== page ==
Civilian Afghan Deaths from U.S. Drone Strikes Continue to Build Hatred of U.S.
Despite U.S. efforts to the contrary, civilians in Afghanistan continue to die in American drone strikes, creating a serious impediment to the Obama administration’s plan to keep troops in the country beyond 2014.
As part of the U.S.-led NATO operation, dozens of armed drones fly across the skies of Afghanistan on a daily basis.
The most recent casualty came last week, when a child was reportedly killed in southern Afghanistan as a result of a drone attack.
That tragedy prompted President Hamid Karzai to suggest that his country may not continue its security pact with the U.S. for another 10 years, as proposed by Washington.
The child’s death preceded two reports—one Afghan and one American—on a September drone strike that killed multiple civilians.
Back on September 7, a missile fired from a U.S. unmanned aircraft killed 14 Afghans, according to initial reports from locals. American and Afghan officials claimed the attack killed 11. A little later, a coalition source reported 10 had died, all “enemy forces.”
However, the governor of Kunar, Shuja ul Mulk Jalala, told the Los Angeles Times last Friday that four women, four children and three civilian men were killed in the September 7 strike. Jalala added that the National Directorate of Security, Afghanistan’s intelligence agency, said three of the victims were suspected Taliban fighters.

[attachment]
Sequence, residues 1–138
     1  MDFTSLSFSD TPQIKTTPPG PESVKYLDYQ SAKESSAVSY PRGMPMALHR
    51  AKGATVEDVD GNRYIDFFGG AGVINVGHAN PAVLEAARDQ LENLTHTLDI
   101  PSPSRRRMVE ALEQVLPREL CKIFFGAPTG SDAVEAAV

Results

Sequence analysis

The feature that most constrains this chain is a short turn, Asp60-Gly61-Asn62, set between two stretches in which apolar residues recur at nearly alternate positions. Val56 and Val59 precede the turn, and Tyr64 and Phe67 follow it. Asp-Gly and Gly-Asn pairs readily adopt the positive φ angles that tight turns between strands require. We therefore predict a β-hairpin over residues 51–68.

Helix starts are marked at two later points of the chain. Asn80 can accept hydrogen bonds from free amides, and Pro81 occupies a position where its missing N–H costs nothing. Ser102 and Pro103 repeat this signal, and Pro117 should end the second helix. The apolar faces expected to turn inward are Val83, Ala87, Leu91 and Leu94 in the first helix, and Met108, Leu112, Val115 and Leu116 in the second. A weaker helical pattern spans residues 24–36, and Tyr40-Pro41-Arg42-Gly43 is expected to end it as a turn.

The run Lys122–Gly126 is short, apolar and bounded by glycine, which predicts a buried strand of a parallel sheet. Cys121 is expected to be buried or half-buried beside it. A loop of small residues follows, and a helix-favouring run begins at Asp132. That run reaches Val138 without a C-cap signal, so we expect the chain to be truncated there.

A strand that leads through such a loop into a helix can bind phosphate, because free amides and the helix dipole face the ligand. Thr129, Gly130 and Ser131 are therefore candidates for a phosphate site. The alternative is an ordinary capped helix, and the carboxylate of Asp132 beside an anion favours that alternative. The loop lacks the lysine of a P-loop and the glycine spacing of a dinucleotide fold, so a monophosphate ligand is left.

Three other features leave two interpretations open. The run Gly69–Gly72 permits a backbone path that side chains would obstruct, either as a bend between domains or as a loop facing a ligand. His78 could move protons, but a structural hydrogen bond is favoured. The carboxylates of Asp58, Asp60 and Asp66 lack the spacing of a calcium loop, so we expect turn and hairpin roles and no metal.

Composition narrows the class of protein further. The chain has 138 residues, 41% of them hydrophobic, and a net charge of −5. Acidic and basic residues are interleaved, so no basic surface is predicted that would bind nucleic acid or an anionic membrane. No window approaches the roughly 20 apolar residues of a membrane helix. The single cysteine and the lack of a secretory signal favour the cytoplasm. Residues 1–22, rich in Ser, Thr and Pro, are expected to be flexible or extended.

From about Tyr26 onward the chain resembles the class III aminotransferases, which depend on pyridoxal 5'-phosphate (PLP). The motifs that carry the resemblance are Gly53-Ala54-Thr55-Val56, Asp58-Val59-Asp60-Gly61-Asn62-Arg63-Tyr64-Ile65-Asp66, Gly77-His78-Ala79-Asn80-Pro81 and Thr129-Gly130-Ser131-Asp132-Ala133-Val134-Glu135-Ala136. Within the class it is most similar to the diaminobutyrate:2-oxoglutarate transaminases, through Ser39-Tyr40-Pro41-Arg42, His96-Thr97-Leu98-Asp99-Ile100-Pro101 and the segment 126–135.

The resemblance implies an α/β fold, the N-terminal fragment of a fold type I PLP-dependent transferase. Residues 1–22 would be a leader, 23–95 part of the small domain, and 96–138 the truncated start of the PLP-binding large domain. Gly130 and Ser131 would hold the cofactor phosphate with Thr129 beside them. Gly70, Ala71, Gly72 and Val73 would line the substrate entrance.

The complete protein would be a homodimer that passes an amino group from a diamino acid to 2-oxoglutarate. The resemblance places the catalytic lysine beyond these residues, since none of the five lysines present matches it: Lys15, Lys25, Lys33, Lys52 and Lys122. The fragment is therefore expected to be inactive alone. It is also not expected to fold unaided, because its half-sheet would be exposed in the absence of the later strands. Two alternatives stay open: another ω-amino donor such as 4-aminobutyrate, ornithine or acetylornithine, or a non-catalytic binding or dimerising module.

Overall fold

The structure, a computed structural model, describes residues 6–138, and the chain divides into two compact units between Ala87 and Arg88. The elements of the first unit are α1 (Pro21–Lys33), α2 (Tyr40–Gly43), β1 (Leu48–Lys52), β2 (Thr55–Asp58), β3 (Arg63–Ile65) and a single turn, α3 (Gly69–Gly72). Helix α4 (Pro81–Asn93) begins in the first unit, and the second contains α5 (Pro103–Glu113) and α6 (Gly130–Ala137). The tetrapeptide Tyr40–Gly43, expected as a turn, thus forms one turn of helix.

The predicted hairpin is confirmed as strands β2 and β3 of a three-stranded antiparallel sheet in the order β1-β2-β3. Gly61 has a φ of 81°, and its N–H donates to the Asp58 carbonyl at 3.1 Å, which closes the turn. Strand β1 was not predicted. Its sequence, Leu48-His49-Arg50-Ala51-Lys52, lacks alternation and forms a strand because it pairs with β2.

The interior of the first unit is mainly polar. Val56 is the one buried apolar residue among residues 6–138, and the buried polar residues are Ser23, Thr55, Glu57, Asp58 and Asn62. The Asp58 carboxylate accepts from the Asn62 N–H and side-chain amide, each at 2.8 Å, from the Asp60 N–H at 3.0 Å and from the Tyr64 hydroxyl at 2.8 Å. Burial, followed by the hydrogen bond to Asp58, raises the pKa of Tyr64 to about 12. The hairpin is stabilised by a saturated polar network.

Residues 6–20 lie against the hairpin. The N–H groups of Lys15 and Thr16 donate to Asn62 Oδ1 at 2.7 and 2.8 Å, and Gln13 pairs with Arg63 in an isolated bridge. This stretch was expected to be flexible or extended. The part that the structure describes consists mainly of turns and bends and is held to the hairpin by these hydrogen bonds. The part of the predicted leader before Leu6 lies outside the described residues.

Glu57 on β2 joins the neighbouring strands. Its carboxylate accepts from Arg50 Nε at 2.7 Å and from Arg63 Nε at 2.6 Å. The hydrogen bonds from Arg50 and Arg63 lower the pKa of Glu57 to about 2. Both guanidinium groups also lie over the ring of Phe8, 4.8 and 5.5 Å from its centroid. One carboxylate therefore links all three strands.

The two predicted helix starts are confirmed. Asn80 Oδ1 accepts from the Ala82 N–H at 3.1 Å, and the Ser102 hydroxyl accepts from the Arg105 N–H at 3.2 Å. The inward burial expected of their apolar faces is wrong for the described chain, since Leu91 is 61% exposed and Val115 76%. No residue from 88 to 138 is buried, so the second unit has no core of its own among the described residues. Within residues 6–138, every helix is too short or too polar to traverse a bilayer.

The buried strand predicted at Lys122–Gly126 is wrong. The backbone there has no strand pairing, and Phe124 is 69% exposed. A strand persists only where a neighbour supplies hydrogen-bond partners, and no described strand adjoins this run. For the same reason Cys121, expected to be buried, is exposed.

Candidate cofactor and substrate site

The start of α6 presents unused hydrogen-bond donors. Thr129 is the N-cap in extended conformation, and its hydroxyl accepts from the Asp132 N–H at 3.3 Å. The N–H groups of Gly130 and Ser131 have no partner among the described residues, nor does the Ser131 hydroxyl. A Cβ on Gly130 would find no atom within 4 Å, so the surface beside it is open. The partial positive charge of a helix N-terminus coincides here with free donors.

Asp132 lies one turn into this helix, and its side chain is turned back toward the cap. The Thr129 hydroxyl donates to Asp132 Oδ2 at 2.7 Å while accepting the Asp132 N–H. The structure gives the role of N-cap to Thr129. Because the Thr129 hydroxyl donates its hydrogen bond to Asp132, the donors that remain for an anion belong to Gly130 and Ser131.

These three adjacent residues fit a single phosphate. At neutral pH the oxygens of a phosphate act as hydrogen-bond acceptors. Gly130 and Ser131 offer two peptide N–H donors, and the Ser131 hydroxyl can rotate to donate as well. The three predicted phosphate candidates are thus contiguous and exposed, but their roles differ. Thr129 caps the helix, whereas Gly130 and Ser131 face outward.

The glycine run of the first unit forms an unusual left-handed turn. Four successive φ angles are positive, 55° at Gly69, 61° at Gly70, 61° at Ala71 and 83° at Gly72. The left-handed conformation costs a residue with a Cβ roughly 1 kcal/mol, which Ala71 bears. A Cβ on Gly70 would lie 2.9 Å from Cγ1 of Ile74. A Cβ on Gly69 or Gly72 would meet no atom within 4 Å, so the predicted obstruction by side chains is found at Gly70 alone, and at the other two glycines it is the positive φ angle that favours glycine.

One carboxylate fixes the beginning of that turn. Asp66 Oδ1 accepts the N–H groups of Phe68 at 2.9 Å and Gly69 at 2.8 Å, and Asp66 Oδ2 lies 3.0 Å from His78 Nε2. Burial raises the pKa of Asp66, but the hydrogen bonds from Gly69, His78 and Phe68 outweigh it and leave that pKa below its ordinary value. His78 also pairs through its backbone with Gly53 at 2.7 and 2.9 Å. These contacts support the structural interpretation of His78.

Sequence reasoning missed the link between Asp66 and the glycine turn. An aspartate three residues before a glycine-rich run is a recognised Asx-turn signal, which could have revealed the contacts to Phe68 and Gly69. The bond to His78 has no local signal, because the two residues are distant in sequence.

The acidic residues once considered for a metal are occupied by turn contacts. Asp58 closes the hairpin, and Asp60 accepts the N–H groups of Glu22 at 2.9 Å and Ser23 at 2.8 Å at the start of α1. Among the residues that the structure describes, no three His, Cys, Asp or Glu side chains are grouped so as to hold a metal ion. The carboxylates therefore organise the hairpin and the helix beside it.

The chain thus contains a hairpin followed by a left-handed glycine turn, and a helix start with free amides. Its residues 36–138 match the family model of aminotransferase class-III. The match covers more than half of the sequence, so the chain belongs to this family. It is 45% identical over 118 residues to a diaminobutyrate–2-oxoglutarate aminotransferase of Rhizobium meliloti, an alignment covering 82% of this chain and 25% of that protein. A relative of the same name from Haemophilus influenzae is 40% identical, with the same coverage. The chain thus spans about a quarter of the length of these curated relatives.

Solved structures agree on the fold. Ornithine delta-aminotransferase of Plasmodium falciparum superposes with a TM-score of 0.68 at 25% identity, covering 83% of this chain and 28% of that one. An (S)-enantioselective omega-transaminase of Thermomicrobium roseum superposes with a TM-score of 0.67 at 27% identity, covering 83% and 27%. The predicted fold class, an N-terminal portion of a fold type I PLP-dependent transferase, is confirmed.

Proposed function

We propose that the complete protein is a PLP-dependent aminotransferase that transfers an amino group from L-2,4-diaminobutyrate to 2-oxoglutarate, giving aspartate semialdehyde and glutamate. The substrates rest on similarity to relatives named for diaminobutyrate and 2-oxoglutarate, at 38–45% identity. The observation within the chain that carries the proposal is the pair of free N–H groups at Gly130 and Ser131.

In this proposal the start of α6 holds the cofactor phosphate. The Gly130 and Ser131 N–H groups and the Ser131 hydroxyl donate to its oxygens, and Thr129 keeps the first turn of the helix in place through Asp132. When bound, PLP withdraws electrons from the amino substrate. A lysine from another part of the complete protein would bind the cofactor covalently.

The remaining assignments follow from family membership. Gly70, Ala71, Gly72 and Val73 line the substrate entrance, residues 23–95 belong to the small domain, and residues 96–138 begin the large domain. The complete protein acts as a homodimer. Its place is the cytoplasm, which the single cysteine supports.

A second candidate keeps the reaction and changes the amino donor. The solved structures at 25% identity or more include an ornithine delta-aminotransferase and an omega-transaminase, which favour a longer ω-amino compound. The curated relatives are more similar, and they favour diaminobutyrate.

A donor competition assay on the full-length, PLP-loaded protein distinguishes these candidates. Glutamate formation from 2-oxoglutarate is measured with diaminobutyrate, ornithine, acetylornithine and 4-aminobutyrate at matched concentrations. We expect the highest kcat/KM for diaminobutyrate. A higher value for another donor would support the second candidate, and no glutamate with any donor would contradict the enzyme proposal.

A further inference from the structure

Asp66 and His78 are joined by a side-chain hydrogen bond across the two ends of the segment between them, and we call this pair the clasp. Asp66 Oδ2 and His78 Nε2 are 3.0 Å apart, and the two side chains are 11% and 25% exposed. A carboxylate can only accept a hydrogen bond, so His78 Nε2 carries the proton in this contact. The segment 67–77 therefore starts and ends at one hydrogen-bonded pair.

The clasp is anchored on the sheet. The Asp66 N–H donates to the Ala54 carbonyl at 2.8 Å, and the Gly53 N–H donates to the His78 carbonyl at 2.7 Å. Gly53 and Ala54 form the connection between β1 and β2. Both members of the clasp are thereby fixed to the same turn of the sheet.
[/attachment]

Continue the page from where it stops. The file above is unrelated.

“Let me tell you, about 70% of the people in that area, especially in Ganbir village, are Taliban,” Jalala said. “The mullahs and the praying people are all Taliban.”
The next day, Colonel Jane Crichton, director of public affairs for NATO’s International Security Assistance Force, said a preliminary investigation had determined three civilians died in the attack, along with eight insurgents.
It was 19-year-old Abdul Ghafar’s pick-up truck that was hit by the drone. The truck carried his mother, brother, sister-in-law and nephew, all of whom were killed. “We have the ID cards of these civilians,” he told the Times. “We have their graves. If someone can prove these were Taliban, I would accept any punishment.”
He insists the U.S. was responsible for the loss of his loved ones, and he now wants vengeance. “If I could attack them, I would.”
For his cousin, farmer Miya Jan, who also lost those relatives in the attack, the incident left him grieving and angry at the U.S.
“There were pieces of my family all over the road,” Jan told the Times. “I picked up those pieces from the road and from the truck and wrapped them in a sheet to bury them.”
“Do the American people want to spend their money this way, on drones that kill our women and children?” he asked.
To Learn More:
Afghans Describe Relatives' Deaths in Recent U.S. Drone Strike (by David Zucchino, Los Angeles Times)
Report Claims Drones more likely to Kill Civilians than Manned Aircraft (by Noel Brinkerhoff, AllGov)
Drones Now Account for One-Quarter of U.S. Strikes in Afghanistan (by Noel Brinkerhoff, AllGov)
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